- A number of states--maybe thirty?--have laws that oblige children in one way or another to pay for the care of their aged or infirm parents. Google "filial responsibility laws." I had thought the number was like, you know, maybe zero.
From what I read, it looks to me like a lot of these have been on the books for a long time, but I wouldn't be surprised if there's more action in the arena as public agencies look harder for new ways to stick someone with the bill.
Came to my attention concerning the status of this sort of claim in bankruptcy. As you may know, debts for spousal and child support are not dischaegeable in bankruptcy. But there doesn't seem to be any provision for thesse "filial obligations." So the past debt might go away in a bankruptcy case. Of course, the post-bankruptcy "continuing obligation" would continue in any case. Make me remember the old days when I taught the law school's Contracts class, including those cases that explore the responsibility (if any) of parents to take care of their adult children, or vice versa. As I recall, the notion that they might actually bear an obligation, legal or otherwise, to support their parents, was enough to snap their suspenders (private note to my kids and grandkids: not to worry, things are just fine--for now).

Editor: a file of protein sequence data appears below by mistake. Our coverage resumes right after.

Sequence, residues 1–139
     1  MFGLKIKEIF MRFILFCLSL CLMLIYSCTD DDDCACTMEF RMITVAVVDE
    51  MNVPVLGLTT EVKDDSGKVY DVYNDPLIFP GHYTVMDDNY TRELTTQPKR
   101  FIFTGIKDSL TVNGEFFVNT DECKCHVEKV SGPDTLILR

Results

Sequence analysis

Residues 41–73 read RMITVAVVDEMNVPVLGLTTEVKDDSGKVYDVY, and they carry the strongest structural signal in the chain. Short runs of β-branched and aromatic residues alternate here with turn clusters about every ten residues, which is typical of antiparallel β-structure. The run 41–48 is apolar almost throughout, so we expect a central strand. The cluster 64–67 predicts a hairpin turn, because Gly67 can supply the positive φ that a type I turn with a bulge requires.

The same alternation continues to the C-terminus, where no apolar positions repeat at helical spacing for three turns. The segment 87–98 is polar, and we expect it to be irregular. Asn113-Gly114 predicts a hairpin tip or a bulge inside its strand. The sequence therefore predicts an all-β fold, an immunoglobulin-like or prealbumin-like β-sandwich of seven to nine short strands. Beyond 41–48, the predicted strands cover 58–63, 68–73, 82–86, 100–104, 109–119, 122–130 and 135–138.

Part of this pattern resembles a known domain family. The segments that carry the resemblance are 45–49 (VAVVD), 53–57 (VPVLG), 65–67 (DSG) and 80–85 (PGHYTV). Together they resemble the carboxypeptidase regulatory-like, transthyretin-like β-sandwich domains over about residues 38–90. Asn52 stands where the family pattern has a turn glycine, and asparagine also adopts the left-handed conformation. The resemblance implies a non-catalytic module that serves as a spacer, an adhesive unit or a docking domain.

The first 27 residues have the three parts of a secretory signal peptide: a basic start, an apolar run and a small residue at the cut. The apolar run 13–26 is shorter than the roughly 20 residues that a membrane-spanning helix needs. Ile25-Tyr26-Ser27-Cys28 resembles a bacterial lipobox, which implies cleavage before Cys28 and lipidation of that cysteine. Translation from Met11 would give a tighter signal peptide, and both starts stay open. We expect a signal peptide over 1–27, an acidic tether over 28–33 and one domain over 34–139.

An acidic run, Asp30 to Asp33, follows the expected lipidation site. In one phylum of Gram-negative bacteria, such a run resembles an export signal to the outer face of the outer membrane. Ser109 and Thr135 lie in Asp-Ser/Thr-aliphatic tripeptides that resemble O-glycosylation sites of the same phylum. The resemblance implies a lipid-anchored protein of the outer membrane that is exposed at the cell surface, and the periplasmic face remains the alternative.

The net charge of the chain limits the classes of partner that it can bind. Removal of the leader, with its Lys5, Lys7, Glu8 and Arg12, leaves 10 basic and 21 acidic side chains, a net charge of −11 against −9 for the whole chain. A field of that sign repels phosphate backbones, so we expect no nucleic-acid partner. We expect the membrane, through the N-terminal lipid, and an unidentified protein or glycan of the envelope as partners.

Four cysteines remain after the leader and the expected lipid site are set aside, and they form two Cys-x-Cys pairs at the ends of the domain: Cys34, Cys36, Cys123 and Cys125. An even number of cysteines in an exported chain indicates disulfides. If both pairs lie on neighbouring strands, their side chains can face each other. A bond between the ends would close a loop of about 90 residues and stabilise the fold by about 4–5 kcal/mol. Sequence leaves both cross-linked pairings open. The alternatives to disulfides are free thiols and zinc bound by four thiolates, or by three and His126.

- New York City has its famously clean water because it bought off the competition. Specifically, they paid (or pay) upstream communities not to build in ways that would taint the water, and they're happy to do so because it is cheaper than building a purification plant.
So for once we fined a win-win, positive-some, Pareto-enhancing deal of a sort that you're supposed to find just everywhere, but which so often seem just to disappear around the corner. Apparently New Yorkers can thank a dispossessed Georgian nobleman, described in his New York Times obit today as a "supercitizen.
In the same vein, I've always indulged an impulse to wry amusement from the notion that I discovered bottled water in Rome, home of the Trevi fountain and the city where the water system may be the one public service that actually works.